The West Philly (real estate) mafia
From left: Robert Knakal and Jeff SuttonSometimes, the Penn is mightier than the sword — at least when it comes to New York City’s real estate elite. The roster of “Wharton Mafia” — those who have graduated from the real estate program at the Wharton Business School at the University of Pennsylvania — is long and illustrious.
The school — which now has a center named for billionaire investor Sam Zell and his late business partner — has churned out heavyweight grads like Donald Trump, Ivanka Trump, William Mack, Richard Mack, Jeff Sutton, Andrew Isikoff, Jeff Blau, Robert Knakal, Andrew Mathias, David Brause and Ara Hovnanian.
The schooling can prove professionally transformative. For every heir like Trump or Mack who gains some polish, there are others with fewer — if any — connections who gain the New York real estate world partly through Wharton.
Sutton, one of the city’s most powerful retail landlords, came to Wharton in the late 1970s from Gravesend, Brooklyn, and, after graduating in 1981, built the firm he calls, affectionately enough, Wharton Properties. He’s since funded an internship program for the school.
Knakal, who came from Northern Jersey, cofounded what has become the city’s most prolific investment-sales brokerage, Massey Knakal.
“When I went to school there in the early 1980s, I think they offered six real estate classes, which was a lot at the time,” said Knakal, who guest lectures at the school. “But today there are dozens.”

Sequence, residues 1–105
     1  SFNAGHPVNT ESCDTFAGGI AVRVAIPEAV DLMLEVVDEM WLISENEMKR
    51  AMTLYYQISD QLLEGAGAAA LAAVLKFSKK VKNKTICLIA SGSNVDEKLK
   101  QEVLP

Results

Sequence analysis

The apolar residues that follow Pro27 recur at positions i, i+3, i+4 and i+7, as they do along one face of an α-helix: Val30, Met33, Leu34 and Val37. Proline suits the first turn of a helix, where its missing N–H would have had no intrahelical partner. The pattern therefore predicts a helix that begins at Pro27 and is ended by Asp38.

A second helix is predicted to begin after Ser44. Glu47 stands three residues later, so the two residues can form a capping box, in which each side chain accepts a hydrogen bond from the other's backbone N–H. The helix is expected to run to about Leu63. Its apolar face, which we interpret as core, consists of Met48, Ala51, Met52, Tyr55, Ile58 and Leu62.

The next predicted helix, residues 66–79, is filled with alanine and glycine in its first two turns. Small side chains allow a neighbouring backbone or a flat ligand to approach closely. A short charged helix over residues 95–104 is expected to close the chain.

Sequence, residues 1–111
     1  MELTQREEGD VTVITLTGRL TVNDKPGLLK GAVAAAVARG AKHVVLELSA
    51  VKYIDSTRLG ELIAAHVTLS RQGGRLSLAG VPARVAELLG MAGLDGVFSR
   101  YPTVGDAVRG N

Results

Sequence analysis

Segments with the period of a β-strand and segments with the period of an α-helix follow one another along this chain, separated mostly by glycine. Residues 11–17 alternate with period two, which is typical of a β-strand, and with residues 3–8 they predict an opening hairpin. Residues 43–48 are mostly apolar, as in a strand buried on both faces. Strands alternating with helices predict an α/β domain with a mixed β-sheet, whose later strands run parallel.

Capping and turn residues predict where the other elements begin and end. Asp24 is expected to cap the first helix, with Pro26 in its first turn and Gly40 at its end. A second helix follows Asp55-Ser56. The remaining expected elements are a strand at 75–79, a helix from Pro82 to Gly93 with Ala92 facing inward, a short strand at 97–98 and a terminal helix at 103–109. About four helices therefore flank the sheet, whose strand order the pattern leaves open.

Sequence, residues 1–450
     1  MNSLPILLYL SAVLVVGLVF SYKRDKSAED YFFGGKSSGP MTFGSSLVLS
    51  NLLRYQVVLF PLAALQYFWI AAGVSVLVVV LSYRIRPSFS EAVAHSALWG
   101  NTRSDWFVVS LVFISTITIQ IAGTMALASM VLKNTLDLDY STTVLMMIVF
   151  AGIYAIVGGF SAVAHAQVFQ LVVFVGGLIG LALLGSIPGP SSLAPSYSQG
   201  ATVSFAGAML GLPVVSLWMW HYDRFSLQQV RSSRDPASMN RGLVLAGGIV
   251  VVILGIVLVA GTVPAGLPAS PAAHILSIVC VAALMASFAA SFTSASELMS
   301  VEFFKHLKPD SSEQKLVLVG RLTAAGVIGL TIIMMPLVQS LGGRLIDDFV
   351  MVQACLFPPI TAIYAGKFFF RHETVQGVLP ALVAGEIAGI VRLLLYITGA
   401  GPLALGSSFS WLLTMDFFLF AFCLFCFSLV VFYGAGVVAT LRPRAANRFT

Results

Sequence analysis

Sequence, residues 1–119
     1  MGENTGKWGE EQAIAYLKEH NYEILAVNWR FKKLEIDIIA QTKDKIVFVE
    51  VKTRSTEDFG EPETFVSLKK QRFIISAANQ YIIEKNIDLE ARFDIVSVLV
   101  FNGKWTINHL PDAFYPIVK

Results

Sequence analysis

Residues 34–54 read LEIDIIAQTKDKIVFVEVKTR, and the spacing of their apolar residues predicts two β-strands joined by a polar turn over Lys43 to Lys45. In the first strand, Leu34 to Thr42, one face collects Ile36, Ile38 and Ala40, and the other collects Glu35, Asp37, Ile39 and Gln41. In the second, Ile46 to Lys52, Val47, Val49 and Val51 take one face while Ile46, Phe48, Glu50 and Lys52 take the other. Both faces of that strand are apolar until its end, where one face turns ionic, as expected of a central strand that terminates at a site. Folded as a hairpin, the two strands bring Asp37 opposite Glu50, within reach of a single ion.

The West Philadelphia experience puts graduates into a pipeline that often leads them straight into the Manhattan real estate action. Indeed, many grads get practical experience, born from internships and mentorships with Wharton’s Gotham alumni.
These alumni also turn out for two annual networking events hosted by the real estate department. The fall event draws about 300 real estate pros, while the spring event brings out about 500. “New York has always loomed big,” said Joseph Gyourko, the department’s chairman. “One, it’s a very big market; [two] it’s close; and three, it’s the financial capital of the world.”
According to a Wharton spokeswoman, “very roughly” half of its 40 to 60 undergrads and 60 to 80 of its MBAs annually come to New York.
The rise of globalization is, however, stealing some of New York’s thunder. About one-third of Wharton’s student body is foreign and, where a decade ago they might have cut their teeth in Manhattan, they now go to Hong Kong, Singapore or other emerging markets.
Still, the pipeline keeps flowing. “New York,” Gyourko said, “is still the dominant market.”
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